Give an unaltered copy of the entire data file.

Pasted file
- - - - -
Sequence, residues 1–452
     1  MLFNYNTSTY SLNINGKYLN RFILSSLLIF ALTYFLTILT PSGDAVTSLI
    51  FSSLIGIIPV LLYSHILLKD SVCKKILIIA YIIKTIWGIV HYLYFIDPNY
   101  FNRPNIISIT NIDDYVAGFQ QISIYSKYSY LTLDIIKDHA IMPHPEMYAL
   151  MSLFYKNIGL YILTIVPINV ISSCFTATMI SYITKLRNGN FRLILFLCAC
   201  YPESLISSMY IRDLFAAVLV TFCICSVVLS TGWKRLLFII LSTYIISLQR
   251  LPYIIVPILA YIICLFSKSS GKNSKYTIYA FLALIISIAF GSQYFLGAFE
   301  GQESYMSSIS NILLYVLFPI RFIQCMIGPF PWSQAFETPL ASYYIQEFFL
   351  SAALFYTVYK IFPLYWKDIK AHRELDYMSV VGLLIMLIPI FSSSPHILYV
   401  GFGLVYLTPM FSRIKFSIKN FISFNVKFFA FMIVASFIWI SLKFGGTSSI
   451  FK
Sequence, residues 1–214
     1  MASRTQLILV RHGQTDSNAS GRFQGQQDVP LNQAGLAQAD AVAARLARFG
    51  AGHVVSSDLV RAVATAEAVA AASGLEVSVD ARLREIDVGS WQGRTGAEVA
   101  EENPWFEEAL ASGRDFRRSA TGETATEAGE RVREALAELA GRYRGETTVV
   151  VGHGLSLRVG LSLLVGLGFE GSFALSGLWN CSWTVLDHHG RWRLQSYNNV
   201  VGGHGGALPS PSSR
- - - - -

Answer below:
Sequence, residues 1–452
     1  MLFNYNTSTY SLNINGKYLN RFILSSLLIF ALTYFLTILT PSGDAVTSLI
    51  FSSLIGIIPV LLYSHILLKD SVCKKILIIA YIIKTIWGIV HYLYFIDPNY
   101  FNRPNIISIT NIDDYVAGFQ QISIYSKYSY LTLDIIKDHA IMPHPEMYAL
   151  MSLFYKNIGL YILTIVPINV ISSCFTATMI SYITKLRNGN FRLILFLCAC
   201  YPESLISSMY IRDLFAAVLV TFCICSVVLS TGWKRLLFII LSTYIISLQR
   251  LPYIIVPILA YIICLFSKSS GKNSKYTIYA FLALIISIAF GSQYFLGAFE
   301  GQESYMSSIS NILLYVLFPI RFIQCMIGPF PWSQAFETPL ASYYIQEFFL
   351  SAALFYTVYK IFPLYWKDIK AHRELDYMSV VGLLIMLIPI FSSSPHILYV
   401  GFGLVYLTPM FSRIKFSIKN FISFNVKFFA FMIVASFIWI SLKFGGTSSI
   451  FK
Sequence, residues 1–214
     1  MASRTQLILV RHGQTDSNAS GRFQGQQDVP LNQAGLAQAD AVAARLARFG
    51  AGHVVSSDLV RAVATAEAVA AASGLEVSVD ARLREIDVGS WQGRTGAEVA
   101  EENPWFEEAL ASGRDFRRSA TGETATEAGE RVREALAELA GRYRGETTVV
   151  VGHGLSLRVG LSLLVGLGFE GSFALSGLWN CSWTVLDHHG RWRLQSYNNV
   201  VGGHGGALPS PSSR